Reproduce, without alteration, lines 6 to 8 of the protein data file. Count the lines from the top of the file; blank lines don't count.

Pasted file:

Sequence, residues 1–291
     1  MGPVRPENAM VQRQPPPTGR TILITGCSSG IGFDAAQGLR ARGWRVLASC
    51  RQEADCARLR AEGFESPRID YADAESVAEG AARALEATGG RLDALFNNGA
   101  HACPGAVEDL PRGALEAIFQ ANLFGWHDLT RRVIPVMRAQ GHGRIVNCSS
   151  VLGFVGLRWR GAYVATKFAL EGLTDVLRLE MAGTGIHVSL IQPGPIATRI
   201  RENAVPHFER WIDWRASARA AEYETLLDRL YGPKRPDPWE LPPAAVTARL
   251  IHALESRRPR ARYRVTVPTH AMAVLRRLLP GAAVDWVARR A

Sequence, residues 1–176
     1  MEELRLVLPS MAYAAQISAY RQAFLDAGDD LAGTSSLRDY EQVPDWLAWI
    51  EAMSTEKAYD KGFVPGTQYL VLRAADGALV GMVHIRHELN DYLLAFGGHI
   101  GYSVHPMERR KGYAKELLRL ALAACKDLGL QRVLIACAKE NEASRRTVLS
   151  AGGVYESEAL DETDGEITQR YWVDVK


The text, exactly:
   201  RENAVPHFER WIDWRASARA AEYETLLDRL YGPKRPDPWE LPPAAVTARL
   251  IHALESRRPR ARYRVTVPTH AMAVLRRLLP GAAVDWVARR A

Sequence, residues 1–176